The game takes you through a storybook journey of two boys (Jim and Frank) who set off to solve the annual birthday based riddles that Jim’s grandfather has set out for them. The result is a mission that aims at grandiose but falls short in its execution.
The overall aesthetic and dialogue of The Jim and Frank Mysteries make the game feel as if it’s aimed at the late elementary/middle school. Longer than necessary dialogues between characters are predictable, but might be entertaining for kids. The dialogue in the game is definitely rated G and Jim and Frank bring up the ethical side of what their parents might think about things more than once. As an adult, the exchanges feel worthless, but I can’t speak for kids and hope that they would enjoy Jim and Frank’s conversation.
If they do enjoy Jim and Frank’s exchanges between townspeople then this game might be a stealthy way to get your kid reading, but when it comes time to solve problems and do favors for people in the town, the puzzles can be a bit of a challenge, even for adults. Some of the puzzles are fun and simple age ranking questions that go something like, “Rose is older than Jane is older than Sallie. Sallie is younger than Susan but Jane is… Who is the middle child?”
Other puzzles are a bit more obscure and difficult to discern. In one case you have to figure out how to turn all the lights off in a room with a distinct pattern, in another you have to figure out how to get so many gallons of water in different containers. Some of the problems (like separating a bunch of pigs in their pens with a limited number of ropes) are a ton of fun, but some of the instructions don’t feel all that clear, especially for kids.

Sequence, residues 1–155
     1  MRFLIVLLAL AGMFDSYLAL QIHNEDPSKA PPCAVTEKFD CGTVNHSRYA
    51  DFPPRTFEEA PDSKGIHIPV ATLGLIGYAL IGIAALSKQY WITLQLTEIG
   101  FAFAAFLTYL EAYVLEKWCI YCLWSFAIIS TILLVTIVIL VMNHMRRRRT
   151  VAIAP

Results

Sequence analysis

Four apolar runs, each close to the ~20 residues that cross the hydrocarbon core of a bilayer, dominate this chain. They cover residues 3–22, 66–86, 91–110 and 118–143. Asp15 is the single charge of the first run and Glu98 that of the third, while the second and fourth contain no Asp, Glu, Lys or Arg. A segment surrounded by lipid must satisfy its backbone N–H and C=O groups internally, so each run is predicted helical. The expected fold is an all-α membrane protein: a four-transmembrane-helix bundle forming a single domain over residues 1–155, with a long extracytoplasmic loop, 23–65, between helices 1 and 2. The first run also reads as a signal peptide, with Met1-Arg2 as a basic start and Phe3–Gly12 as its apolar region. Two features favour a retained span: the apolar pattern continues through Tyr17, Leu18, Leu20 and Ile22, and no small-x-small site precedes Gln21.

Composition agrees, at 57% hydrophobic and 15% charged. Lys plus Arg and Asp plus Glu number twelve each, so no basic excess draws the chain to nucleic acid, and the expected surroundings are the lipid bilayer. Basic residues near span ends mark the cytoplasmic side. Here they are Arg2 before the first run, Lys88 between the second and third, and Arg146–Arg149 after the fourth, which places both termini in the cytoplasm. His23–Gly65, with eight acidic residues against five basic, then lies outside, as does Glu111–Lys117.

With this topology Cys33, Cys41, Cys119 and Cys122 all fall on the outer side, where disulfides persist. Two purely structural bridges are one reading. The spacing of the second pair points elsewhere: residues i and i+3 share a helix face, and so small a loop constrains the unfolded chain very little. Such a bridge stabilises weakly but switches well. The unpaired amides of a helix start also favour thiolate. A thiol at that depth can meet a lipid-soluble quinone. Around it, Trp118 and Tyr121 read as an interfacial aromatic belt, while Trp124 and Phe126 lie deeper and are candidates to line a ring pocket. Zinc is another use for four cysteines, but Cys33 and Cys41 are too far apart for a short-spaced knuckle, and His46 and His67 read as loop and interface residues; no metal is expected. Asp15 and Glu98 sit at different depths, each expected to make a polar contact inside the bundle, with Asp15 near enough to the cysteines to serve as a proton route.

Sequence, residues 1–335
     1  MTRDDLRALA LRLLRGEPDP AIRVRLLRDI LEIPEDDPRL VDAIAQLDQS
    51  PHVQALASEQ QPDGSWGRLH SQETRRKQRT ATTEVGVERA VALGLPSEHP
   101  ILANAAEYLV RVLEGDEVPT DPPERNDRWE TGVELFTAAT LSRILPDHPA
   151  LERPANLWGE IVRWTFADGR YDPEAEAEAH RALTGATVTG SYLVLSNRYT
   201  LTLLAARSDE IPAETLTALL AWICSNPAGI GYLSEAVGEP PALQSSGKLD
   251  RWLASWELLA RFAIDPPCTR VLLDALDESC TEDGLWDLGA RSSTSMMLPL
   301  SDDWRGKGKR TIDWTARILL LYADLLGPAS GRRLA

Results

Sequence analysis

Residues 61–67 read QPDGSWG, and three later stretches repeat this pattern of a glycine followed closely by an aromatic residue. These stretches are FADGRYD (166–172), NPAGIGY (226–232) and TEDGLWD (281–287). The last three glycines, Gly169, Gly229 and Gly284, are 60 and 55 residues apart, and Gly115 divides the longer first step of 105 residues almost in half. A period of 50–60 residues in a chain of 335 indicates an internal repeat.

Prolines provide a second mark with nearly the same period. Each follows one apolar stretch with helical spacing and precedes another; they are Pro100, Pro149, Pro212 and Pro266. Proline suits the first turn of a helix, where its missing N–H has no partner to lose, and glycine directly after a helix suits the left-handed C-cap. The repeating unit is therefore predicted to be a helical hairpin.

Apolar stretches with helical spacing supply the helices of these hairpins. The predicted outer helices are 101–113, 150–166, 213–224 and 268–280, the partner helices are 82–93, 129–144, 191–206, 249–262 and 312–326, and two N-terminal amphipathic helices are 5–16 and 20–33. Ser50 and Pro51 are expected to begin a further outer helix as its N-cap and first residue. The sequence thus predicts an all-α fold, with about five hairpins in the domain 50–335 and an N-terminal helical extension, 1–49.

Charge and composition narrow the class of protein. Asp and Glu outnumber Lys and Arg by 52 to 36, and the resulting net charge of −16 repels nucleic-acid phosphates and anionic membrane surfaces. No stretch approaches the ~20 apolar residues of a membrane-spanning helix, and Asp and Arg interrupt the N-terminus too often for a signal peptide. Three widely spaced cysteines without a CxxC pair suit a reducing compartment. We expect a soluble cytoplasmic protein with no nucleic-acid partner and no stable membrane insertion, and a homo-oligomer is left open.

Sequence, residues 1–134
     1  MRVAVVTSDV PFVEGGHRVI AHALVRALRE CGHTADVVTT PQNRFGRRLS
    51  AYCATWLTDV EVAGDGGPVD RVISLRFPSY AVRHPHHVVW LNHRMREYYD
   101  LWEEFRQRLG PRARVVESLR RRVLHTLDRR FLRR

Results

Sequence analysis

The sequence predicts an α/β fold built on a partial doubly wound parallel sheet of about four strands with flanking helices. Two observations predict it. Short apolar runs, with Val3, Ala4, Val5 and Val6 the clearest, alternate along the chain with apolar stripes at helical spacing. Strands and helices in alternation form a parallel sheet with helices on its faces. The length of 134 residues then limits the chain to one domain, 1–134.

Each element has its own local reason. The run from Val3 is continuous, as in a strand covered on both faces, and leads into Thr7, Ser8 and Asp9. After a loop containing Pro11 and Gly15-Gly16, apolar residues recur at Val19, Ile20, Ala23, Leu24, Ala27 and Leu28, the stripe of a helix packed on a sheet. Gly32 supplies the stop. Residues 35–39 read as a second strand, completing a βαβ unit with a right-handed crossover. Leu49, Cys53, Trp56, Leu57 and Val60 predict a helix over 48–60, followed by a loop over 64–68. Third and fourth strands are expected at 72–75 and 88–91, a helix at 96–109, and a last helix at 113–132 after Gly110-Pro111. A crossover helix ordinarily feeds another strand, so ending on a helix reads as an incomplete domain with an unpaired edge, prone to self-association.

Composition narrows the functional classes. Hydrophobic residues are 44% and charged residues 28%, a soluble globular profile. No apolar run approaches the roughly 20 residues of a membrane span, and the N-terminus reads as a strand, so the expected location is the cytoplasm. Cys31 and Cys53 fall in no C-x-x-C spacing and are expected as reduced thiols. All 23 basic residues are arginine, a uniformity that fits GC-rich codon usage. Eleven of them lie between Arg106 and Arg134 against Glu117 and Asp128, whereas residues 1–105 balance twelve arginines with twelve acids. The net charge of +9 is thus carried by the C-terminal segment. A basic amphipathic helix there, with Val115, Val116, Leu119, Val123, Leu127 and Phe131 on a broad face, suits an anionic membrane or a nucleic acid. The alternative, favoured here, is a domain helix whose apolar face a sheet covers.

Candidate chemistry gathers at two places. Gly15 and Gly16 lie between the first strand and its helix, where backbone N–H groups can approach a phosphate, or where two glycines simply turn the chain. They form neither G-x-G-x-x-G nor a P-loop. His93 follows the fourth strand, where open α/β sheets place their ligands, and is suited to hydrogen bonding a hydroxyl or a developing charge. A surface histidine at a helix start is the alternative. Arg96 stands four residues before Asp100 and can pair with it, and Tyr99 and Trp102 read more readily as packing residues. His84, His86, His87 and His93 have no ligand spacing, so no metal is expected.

If the puzzles seem too hard you can use Eurekas to get (obscure) hints that will help you find the correct answer. Then if you answer correctly you gather gold coins and eventually, more Eurekas. Before long though, you figure out that Eurekas are actually a plea to make you spend real money (on top of what you paid for the app) for more hints to get you through the game.
So while you may be able to solve all of this game’s puzzles as an adult, if you’re a parent you may find yourself pulling our your credit card so that your son or daughter can play more Blood River Files. After all, you can only skip puzzles if you buy your way out of them. Frankly, this feels like a cheap form of virtual money; somewhat of a rip off in a game that would have otherwise been a nice way to get kids thinking.
Bottom Line: Jim and Frank: The Blood River Files [iTunes Link] leads players through a mediocre story with some average and some strong puzzle play. This game has a lot of potential but it misses, especially with the hidden cost of buying hints in the form of Eurekas.